According to various press releases, Veterans are turning to pot or marijuana or cannabis to self-medicate against the symptoms of PTSD. According to Ben Finley of the Associated Press and published recently on ABC:
While the research has been contradictory and limited, some former members of the military say pot helps them manage their anxiety, insomnia and nightmares. Prescription drugs such as Klonopin and Zoloft weren’t effective or left them feeling like zombies, some say.
Indeed, the use of cannabis by Veterans has increased despite the fact that it “remains illegal in most states and is unapproved by the Department of Veterans Affairs (“VA”) because major studies have yet to show it is effective against PTSD.”
Indeed, SFTT has been reporting for months that the VA seems to have lost its way in providing meaningful therapy for Veterans with PTSD. The cocktail of prescription drugs continues to be the standard treatment recommended by the VA in treating PTSD, despite overwhelming evidence that Veterans mistrust these prescription drugs. Furthermore, even the FDA and DoD believe that these prescription drugs are toxic.
Is Cannabis to Treat PTSD Effective?
There are many conflicting reports on whether or not “pot” is effective in treating the symptoms of PTSD. Anecdotal evidence, as argued in the video below, suggests that cannabis or medicianl marijuana allows Veterans a few moments of peace or the ability to cope with their PTSD symptoms better than the psychotic drugs often prescribed by the VA. Perhaps, alcohol or other recreational or “hard” drugs may provide the same benefits in treating they symptoms of PTSD as pot.
Treating the symptoms of PTSD and providing long-term solutions to help Veterans reclaim their lives are two very different goals. Sure, any number of forms of self-medication or prescription drugs can mask the symptoms of PTSD temporarily, but this chemically-induced temporary “release from pain” hardly allows the Veteran – or any other person – to recover from a traumatic event.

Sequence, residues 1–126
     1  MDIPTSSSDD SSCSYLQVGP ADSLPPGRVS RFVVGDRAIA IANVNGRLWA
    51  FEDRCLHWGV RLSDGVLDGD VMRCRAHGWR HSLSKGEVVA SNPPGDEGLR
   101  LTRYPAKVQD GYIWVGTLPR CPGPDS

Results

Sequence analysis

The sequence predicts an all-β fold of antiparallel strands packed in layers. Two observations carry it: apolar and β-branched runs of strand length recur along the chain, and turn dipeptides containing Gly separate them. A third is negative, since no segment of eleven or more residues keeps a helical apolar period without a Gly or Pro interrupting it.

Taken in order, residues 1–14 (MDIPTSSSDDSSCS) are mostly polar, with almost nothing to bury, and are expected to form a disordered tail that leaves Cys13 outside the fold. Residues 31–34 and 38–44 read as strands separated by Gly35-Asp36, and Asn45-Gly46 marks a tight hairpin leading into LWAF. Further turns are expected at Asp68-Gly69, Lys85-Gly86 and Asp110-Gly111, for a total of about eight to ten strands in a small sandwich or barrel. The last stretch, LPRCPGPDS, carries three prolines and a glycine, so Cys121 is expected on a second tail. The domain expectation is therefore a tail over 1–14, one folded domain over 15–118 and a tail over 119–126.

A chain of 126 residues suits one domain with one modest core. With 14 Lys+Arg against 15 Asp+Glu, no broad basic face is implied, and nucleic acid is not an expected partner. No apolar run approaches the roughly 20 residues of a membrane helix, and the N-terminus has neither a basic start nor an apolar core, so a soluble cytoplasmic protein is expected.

In the opinion of SFTT, meaningful solutions are needed to allow Veterans suffering from the invisible wounds of war to reclaim their lives without the dependency of drugs or other prescription pharmaceuticals. In fact, our dependency on drugs has become a national epidemic.
Earlier this week the Center for Disease Control and Prevention (“CDC”) issued guidelines to curb the use of prescription drugs. Why? As Lloyd Sederer of US News and World Report suggests:
The CDC guidelines are a needed and valuable public health step towards changing the deadly opioid epidemic in this country. We can prevent addiction for many, reduce overdoses and death for tens of thousands each year, improve functioning in countless people and introduce means other than pills to manage the inescapable pains of living.
Indeed, whether it is marijuana or prescribed opioids, as individuals and as a society, we need to ask whether it is better to seek solutions to materially improve the quality of our life or are we simply prepared to continue to live a life in a haze of smoke that simply masks the symptoms of the pains we have acquired through life’s journey. This is the question that each Veteran must ask themselves. There is no easy answer.Share